The website of Foreign Affairs magazine has a very useful interview with David Makovsky, fellow at the Washington Institute for Near East Policy, former Jerusalem Post editor, former Haaretz diplomatic correspondent and one of the smartest Middle East watchers in Washington, on the various uncertainties Israel faces right now. He notes that Israel and Egypt have been engaging in a lot of back-channel diplomacy in the last few days to try and keep the border quiet and maintain the peace. The danger, he says, is
that the public senses that, when there are elections, Islamist parties—led by the Muslim Brotherhood but not exclusively—could be a dominant political block in Egypt. That would mean that you would have a military that has had excellent relations with the Israelis but does not want to be in a confrontation with the public. Therefore, the political context for the Egyptian-Israeli military-to-military relations, which have been very good, are very much liable to deteriorate.
He’s surprisingly optimistic—or at least un-pessimistic—about the future of Israeli-Palestinian peace talks. President Obama’s speeches in May to Congress and AIPAC about Palestinian statehood based on the 1967 lines with swaps were a gesture toward the Palestinian, which made the Israelis uncomfortable. The administration is now trying to get the Europeans to match that with a parallel gesture to pressure the Palestinians, specifically working against the Palestinian statehood measure at the United Nations. The idea is to give Tony Blair space to produce a Quartet formula that allows peace talks to restart. The details Makovsky lays out are fascinating, not least the internal splits within the EU that are making the job difficult. And there’s this:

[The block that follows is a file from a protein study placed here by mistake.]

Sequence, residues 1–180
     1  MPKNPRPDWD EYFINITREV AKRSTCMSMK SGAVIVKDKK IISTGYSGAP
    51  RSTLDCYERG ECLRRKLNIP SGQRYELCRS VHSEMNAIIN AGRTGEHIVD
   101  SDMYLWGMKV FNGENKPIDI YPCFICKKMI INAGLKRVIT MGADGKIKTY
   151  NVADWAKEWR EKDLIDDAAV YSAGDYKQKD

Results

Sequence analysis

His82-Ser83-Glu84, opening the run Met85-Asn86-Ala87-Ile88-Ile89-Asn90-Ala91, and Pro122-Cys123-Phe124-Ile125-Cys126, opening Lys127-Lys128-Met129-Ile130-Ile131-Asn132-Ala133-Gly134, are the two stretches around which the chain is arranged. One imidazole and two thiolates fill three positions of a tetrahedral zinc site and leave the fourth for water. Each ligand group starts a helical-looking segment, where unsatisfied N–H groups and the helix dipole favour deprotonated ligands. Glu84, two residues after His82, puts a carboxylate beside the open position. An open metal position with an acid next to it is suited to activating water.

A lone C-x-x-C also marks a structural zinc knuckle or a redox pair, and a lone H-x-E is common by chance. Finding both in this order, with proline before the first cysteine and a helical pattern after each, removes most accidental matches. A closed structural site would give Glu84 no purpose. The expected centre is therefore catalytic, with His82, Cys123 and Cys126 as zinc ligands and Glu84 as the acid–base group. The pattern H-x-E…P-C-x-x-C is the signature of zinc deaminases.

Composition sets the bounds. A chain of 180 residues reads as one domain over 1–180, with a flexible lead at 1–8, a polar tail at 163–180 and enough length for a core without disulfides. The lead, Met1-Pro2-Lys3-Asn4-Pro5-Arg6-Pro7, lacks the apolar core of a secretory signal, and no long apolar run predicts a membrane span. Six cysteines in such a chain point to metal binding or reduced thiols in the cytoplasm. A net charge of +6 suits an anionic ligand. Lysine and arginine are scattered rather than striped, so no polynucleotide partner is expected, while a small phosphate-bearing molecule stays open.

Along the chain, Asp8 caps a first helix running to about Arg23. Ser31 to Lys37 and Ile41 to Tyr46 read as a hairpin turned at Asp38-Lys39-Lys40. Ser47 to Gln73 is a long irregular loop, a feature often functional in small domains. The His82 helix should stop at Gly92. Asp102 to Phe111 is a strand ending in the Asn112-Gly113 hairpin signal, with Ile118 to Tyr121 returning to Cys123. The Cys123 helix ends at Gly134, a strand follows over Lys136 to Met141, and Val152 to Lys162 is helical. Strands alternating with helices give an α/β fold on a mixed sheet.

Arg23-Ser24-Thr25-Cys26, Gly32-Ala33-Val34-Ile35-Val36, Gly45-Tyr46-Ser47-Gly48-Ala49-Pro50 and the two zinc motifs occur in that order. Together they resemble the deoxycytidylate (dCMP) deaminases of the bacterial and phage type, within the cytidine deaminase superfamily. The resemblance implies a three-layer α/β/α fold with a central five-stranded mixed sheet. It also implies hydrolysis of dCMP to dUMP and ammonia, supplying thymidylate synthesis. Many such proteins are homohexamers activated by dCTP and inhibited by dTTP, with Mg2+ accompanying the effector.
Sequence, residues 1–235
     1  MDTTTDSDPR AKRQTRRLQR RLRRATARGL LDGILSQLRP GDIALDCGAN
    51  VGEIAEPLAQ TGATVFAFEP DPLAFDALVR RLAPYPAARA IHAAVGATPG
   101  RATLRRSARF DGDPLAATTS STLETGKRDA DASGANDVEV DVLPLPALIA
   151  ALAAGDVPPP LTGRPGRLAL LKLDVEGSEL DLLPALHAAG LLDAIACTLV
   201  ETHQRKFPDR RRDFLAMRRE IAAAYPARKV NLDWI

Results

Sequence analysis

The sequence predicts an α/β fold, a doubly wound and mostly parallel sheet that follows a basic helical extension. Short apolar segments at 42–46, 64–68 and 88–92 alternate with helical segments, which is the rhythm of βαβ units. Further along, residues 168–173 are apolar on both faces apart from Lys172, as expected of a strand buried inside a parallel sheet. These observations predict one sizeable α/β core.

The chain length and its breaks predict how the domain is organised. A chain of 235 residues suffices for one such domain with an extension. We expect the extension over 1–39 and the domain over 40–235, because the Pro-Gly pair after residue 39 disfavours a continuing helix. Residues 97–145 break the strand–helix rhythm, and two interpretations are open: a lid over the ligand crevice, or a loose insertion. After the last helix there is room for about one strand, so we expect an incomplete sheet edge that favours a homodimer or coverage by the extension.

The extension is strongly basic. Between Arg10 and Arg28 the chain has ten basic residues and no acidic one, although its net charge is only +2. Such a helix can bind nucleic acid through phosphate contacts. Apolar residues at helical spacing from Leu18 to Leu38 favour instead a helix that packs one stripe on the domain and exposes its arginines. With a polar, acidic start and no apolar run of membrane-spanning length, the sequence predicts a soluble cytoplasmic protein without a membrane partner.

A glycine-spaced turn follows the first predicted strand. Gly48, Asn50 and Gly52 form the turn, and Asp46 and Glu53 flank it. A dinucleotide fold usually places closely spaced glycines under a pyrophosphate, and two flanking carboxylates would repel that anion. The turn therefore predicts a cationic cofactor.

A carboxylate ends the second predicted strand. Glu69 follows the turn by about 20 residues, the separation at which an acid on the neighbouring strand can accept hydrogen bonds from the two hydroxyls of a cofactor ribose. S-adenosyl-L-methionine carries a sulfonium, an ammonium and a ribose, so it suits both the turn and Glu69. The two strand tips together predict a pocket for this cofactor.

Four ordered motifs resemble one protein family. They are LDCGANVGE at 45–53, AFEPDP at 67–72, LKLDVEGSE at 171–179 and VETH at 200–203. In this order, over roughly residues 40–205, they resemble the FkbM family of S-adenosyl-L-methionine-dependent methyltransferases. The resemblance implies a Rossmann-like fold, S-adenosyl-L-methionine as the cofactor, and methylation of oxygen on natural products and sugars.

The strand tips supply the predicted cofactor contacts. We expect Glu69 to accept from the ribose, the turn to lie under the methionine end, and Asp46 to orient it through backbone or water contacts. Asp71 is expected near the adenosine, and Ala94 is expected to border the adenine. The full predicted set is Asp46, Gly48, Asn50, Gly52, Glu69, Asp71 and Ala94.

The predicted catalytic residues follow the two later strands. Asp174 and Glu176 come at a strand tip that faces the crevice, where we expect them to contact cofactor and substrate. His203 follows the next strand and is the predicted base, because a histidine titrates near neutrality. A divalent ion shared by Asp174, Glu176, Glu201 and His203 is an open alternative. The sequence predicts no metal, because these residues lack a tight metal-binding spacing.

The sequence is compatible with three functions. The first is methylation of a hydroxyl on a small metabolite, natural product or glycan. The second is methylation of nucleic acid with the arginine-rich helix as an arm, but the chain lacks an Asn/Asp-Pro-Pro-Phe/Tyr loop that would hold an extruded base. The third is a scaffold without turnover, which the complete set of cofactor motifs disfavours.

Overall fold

What has happened is that President Obama has paid a domestic political price for his Middle East speeches. He got virtually no support from Democrats in Congress. I think his view is: I’ve stepped up to the plate and paid the domestic political price, but where are the others? So we’re in this unusual situation where Tony Blair is the person trying to narrow the differences over the text. It probably demonstrates that until after next year’s presidential elections, the United States is not going to be leading the charge on the issue.
Also well worth the read: Al-Masry Al-Youm (Egypt Today), often regarded as Egypt’s most influential daily, interviews former Egyptian ambassador to Israel Mohamed Bassiouny about Egyptian-Israeli relations following the August 17 terror attack on the Eilat highway. Bassiouny argues that Israel’s army is better trained than Egypt’s and should play a more active role in securing the border. He also wants to see the treaty amended to let Egypt bring more troops into the peninsula to deal with the problems on its own side. The paper asks if he thinks Egypt should withdraw its ambassador from Israel right now to protest the deaths of Egyptian security personnel following the terrorist attacks. He thinks it’s a bad idea.